Seedlings





Growing seedling grapes is the simplest of operations. The seeds are

taken from the grapes at harvest time, after which they must pass

through a resting period of a few months. At once or in a month or

two, the seeds should be stratified in moist sand and stored in a cold

place until spring, when they may be sown in flats or in the open

ground; or seed may be sown in a well-prepared piece of garden land in

the autumn. When planted in the open, autumn or spring, the seeds are

put in at the depth of an inch, an inch or two apart and in rows

convenient for cultivation. Subsequent care consists of cultivation

if the seed are sown in garden rows, and in pricking out when true

leaves appear if planted in flats. In ground that crusts, an expedient

is to mix grape seed with apple seed; the apple seedlings, being more

vigorous, break the crust and act as nurse plants to the more tender

grapes. Sometimes it is helpful to the young plants to mulch the

ground lightly with lawn clippings or moss. Grape seedlings grow

rapidly, often making from two to three feet of wood in a season.



The young plants are thinned or set to stand four or five inches apart

in the nursery row. At the end of the first season, all plants are cut

back severely and almost entirely covered with earth by plowing up to

the row on both sides. This earth, of course, is leveled the following

spring. If the seasons are propitious and all goes well, the seedlings

are ready for the vineyard at the end of the second season, but if for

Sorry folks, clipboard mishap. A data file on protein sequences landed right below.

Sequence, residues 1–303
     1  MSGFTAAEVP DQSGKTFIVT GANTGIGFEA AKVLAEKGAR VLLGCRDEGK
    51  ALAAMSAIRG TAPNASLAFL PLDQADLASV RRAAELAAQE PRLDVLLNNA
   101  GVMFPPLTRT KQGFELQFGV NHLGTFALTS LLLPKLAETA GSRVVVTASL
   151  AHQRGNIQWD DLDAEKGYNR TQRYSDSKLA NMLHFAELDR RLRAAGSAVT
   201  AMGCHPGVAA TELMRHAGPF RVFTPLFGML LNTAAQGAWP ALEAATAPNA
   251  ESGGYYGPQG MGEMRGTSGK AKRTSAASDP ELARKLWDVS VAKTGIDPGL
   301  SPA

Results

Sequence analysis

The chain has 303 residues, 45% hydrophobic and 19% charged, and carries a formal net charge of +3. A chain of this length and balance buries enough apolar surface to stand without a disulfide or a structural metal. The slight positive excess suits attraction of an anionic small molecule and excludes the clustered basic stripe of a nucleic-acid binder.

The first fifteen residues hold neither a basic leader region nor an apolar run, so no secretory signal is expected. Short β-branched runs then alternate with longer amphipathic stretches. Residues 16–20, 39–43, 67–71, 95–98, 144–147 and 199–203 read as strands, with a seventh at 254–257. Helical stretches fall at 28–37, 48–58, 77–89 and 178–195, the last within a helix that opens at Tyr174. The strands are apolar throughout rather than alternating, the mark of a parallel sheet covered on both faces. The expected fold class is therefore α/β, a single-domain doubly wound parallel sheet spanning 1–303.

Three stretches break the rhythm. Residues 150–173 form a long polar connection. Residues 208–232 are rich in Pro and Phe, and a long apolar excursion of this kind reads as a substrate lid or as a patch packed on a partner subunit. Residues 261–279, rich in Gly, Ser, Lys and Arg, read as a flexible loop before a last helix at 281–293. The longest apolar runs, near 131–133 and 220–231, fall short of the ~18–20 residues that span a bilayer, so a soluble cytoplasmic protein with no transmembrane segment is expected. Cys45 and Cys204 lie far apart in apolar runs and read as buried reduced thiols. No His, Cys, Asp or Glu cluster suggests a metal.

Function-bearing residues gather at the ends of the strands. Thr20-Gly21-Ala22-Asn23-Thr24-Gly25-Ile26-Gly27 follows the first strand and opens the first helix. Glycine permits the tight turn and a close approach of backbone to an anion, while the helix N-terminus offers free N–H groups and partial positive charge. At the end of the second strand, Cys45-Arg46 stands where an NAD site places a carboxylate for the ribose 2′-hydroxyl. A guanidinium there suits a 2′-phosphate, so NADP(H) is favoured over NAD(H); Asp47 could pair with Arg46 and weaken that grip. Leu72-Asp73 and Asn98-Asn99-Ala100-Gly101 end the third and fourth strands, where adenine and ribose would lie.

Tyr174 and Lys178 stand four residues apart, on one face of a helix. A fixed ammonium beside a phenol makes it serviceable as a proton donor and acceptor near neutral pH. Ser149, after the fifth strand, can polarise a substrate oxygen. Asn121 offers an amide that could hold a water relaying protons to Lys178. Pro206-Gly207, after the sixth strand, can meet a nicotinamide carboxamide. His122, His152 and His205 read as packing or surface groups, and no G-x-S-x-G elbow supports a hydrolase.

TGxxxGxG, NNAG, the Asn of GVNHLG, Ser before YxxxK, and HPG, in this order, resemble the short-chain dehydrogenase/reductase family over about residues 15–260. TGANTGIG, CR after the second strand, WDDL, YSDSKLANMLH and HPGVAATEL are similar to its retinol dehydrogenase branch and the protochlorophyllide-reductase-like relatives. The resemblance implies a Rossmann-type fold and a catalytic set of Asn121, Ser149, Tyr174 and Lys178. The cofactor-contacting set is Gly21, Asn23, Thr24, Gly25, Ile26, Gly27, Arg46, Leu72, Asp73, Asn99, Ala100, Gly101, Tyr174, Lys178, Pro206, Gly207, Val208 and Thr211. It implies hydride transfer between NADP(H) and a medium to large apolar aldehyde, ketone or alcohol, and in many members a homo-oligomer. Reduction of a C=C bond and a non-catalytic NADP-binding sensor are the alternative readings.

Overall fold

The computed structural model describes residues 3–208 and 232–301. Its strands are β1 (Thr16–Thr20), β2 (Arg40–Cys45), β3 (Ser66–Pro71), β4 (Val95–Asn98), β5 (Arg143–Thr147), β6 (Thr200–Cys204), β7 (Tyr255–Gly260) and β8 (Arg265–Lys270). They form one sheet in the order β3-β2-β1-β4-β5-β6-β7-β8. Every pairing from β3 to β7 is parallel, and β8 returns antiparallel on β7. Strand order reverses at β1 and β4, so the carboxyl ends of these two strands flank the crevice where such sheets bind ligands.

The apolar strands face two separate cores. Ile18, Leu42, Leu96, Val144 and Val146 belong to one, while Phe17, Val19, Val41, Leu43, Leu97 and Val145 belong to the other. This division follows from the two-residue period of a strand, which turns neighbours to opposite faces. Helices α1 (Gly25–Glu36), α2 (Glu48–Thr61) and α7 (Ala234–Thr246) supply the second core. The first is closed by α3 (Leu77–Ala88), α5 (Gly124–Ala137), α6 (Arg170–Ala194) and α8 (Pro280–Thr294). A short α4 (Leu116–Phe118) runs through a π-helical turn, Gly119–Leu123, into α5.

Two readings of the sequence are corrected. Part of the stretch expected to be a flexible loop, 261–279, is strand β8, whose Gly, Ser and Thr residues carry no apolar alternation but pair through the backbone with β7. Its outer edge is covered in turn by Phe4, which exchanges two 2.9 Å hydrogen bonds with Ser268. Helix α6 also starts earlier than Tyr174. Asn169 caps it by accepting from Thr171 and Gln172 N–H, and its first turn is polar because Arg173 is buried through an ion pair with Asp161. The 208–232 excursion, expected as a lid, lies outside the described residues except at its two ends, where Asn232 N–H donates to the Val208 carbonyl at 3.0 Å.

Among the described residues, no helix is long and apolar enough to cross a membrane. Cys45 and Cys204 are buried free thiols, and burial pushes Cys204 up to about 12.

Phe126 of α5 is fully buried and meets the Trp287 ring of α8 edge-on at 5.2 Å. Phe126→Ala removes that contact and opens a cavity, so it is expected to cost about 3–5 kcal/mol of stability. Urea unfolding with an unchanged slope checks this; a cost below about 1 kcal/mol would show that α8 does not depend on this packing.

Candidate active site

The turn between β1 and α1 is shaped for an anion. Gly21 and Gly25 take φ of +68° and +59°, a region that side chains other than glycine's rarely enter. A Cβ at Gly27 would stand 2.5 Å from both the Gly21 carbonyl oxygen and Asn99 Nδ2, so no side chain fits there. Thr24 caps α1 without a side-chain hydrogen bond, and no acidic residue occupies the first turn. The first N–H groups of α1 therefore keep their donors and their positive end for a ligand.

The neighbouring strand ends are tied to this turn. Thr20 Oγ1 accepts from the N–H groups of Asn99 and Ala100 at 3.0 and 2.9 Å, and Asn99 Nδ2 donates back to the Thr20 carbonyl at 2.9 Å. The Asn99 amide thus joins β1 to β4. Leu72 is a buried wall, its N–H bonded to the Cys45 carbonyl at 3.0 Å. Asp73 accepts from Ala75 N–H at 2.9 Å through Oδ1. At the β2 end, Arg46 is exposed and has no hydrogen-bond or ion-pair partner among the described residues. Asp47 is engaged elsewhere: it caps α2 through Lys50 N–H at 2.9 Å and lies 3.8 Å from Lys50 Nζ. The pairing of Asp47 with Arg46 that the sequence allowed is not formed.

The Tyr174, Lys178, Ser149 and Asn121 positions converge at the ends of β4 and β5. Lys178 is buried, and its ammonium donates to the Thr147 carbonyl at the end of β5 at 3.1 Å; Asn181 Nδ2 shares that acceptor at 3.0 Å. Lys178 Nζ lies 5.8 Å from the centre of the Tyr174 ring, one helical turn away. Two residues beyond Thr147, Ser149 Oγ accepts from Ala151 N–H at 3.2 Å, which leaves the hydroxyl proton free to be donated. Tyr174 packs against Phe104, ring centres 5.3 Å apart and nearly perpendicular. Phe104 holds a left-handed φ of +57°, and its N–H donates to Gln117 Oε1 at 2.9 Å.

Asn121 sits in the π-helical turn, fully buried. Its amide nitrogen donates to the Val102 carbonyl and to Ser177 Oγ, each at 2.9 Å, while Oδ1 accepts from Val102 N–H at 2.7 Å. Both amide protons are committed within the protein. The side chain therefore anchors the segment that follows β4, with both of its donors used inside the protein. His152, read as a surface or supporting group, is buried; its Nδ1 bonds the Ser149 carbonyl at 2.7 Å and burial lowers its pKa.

any reason they have fared badly during their first two years, it is

much better to give them a third season in the nursery. Seedling vines

are seldom as vigorous as those from cuttings, and unusual care must

be taken in setting in the vineyard, though the operation is

essentially the same as that to be described for vines from cuttings.

The third season the vines are kept to a single shoot and are pinched

back when the canes reach a length of five or six feet. In the autumn,

they are pruned back to two or three feet. In the spring of the fourth

season, the trellis is put up and a few fruits may be allowed to

ripen.



The vines of promise may now be selected. The plants, however, must

fruit twice or oftener before it can be told whether hopes are

consummated or must be deferred. Growing seedlings for new varieties

is a game full of chances in which, while there may be little

immediate or individual gain, there is much pleasure. It is hardly too

much to say that the grape industry of eastern America, with its

300,000 acres and 1500 varieties, betokens the good that has come from

growing seedling grapes.





Secretary Selecting And Preparing The Vines facebooktwittergoogle_plusredditpinterestlinkedinmail

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